A new species of suckermouth armored catfish, Pseudancistrus kwinti, is described from the Coppename River, Suriname. It can be diagnosed from all other described Pseudancistrus by the following combination of characters: dentary papillae absent, mid-dorsal plate row complete, coloration mottled or with bars, hypertrophied odontodes along edge of snout, and weakly evertible cheek plates. It is only known from the Coppename River drainage within the Central Suriname Nature Reserve, a United Nations World Heritage Site, and one of the most pristine environments remaining on the planet. Mining, increased fishing pressure, and tourism threaten to change the region.
Very few areas on the surface of planet Earth can be considered pristine, but one candidate is the upper Coppename River basin. Located in the center of Suriname, the Coppename River flows north off the Guiana Shield, and is uninhabited except for a research / ecotourism station at Raleighvallen and an airstrip at Tafelberg. The uniqueness of the region has been recognized and it has been set aside as the Central Suriname Nature Reserve and designated a United Nations World Heritage Site. Despite the fact that the region has been declared a preserve, almost nothing is known about the area’s flora and fauna. To address the situation, the upper Coppename basin was surveyed in February to March 2004 by an Aquatic Rapid Assessment Program (AquaRAP) expedition that included an ichthyology team (Mol et al., 2006). A new species of suckermouth armored catfish was discovered, and it is described here.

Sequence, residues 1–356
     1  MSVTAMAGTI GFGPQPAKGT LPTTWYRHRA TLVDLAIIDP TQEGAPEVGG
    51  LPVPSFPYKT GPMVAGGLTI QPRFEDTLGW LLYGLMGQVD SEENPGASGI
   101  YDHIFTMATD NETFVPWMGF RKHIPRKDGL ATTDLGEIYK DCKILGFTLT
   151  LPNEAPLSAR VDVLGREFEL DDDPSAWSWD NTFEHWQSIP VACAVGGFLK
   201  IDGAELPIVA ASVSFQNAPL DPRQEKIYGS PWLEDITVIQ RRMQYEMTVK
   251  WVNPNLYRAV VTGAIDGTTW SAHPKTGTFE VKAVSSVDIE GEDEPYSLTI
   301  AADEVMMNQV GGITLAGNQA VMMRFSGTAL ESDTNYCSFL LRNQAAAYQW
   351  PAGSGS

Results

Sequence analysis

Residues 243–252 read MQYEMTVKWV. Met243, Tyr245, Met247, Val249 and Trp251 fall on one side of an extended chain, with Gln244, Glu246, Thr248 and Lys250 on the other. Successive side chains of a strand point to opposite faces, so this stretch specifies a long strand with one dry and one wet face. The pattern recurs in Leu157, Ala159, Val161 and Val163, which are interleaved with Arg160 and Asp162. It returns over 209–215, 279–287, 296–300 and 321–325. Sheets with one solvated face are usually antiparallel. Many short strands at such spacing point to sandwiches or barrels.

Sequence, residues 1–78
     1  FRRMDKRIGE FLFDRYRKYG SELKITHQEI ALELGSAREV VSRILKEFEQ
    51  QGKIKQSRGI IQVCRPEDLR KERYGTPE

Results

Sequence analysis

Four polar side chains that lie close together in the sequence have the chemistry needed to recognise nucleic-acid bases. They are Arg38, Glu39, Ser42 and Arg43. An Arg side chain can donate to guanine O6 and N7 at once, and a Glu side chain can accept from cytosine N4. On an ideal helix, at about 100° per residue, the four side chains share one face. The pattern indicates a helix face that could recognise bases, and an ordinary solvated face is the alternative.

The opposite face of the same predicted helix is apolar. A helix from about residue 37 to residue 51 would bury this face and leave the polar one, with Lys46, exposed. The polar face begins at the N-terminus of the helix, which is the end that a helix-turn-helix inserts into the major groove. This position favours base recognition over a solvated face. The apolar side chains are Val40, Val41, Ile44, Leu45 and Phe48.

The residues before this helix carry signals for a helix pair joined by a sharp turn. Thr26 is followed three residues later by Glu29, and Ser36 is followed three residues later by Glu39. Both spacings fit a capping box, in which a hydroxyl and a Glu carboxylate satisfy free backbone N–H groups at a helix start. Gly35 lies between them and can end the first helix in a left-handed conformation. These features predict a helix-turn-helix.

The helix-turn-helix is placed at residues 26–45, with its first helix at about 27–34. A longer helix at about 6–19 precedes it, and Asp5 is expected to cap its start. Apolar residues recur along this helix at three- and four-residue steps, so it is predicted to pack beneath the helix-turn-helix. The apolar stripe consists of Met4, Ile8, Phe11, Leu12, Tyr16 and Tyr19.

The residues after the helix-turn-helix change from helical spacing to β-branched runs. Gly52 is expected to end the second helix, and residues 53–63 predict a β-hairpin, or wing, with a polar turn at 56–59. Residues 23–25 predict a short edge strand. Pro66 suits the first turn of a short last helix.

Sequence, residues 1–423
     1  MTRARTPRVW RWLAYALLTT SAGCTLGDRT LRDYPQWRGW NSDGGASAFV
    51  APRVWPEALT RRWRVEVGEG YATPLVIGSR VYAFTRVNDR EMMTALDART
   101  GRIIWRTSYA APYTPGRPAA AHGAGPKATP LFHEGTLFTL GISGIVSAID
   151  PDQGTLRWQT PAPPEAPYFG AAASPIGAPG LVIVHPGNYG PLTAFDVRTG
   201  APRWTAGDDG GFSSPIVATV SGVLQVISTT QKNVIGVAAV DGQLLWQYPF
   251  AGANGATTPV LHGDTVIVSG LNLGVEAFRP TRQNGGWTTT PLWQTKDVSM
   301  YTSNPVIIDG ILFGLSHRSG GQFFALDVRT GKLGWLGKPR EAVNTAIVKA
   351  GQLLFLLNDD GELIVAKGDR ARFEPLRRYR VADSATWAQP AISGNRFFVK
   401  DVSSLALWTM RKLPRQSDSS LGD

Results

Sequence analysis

Counts and measurements are as described in Armbruster (2003), unless otherwise specified. Measurements were made with a digital caliper to the nearest 0.1 mm. For fin counts, uppercase roman numerals are used for spines, lowercase roman numerals are used for unbranched rays, and arabic numerals are used for branched rays. Institutional abbreviations are as follows: FMNH = Field Museum of Natural History, NZCS = National Zoological Collection of Suriname. Total plate count in median lateral row is as illustrated in Schaefer (1997). X-rays were used to count procurrent caudal-fin rays, verify other spine and ray counts, and assess opercle shape.
Read more: http://www.mapress.com/zootaxa/2010/f/z02332p048f.pdf
Some more photoes:
|Comments: 0Views: 1892|